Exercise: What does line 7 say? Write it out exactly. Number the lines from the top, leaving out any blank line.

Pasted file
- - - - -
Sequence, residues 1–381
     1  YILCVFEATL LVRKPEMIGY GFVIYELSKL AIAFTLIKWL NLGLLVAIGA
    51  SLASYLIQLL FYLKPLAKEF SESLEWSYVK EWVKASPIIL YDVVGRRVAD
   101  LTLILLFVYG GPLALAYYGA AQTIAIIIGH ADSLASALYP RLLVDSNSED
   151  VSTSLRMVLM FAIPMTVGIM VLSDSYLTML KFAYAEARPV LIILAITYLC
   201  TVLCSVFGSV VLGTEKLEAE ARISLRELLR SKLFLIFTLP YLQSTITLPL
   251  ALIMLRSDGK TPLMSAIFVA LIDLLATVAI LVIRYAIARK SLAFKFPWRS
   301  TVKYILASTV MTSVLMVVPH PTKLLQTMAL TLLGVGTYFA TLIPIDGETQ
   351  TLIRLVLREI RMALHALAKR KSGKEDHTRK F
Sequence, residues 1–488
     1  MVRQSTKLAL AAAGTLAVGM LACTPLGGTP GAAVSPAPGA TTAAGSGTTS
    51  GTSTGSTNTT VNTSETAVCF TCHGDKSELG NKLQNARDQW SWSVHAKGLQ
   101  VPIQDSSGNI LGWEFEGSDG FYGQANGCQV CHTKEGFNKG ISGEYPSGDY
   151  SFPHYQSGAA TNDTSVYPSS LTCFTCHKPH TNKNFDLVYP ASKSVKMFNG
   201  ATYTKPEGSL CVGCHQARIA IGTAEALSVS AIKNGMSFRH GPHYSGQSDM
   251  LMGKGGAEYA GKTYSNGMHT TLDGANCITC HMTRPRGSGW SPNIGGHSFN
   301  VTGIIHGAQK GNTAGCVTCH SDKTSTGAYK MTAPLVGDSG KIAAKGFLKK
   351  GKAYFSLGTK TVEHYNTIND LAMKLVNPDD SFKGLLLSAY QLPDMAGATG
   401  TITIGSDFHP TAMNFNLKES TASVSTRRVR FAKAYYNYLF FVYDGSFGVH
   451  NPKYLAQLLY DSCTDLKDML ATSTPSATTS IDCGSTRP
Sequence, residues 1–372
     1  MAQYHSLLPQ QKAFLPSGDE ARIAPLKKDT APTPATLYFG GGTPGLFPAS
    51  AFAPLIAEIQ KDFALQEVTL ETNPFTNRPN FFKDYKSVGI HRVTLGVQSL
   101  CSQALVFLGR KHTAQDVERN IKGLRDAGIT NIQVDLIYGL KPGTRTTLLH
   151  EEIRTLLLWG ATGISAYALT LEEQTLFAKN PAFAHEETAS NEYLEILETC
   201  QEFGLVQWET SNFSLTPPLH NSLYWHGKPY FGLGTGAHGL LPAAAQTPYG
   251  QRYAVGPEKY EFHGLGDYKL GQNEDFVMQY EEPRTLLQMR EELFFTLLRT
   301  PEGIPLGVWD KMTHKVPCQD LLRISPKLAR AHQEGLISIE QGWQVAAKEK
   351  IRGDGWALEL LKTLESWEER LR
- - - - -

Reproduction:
   251  ALIMLRSDGK TPLMSAIFVA LIDLLATVAI LVIRYAIARK SLAFKFPWRS